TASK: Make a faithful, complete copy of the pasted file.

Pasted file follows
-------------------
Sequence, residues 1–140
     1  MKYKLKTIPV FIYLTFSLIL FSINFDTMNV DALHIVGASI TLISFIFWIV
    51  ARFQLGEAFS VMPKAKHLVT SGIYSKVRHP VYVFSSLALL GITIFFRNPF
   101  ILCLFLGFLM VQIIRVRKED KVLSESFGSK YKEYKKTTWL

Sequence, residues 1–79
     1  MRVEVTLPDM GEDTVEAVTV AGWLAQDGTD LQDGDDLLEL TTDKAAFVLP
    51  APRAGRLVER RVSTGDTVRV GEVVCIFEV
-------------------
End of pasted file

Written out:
Sequence, residues 1–140
     1  MKYKLKTIPV FIYLTFSLIL FSINFDTMNV DALHIVGASI TLISFIFWIV
    51  ARFQLGEAFS VMPKAKHLVT SGIYSKVRHP VYVFSSLALL GITIFFRNPF
   101  ILCLFLGFLM VQIIRVRKED KVLSESFGSK YKEYKKTTWL

Sequence, residues 1–79
     1  MRVEVTLPDM GEDTVEAVTV AGWLAQDGTD LQDGDDLLEL TTDKAAFVLP
    51  APRAGRLVER RVSTGDTVRV GEVVCIFEV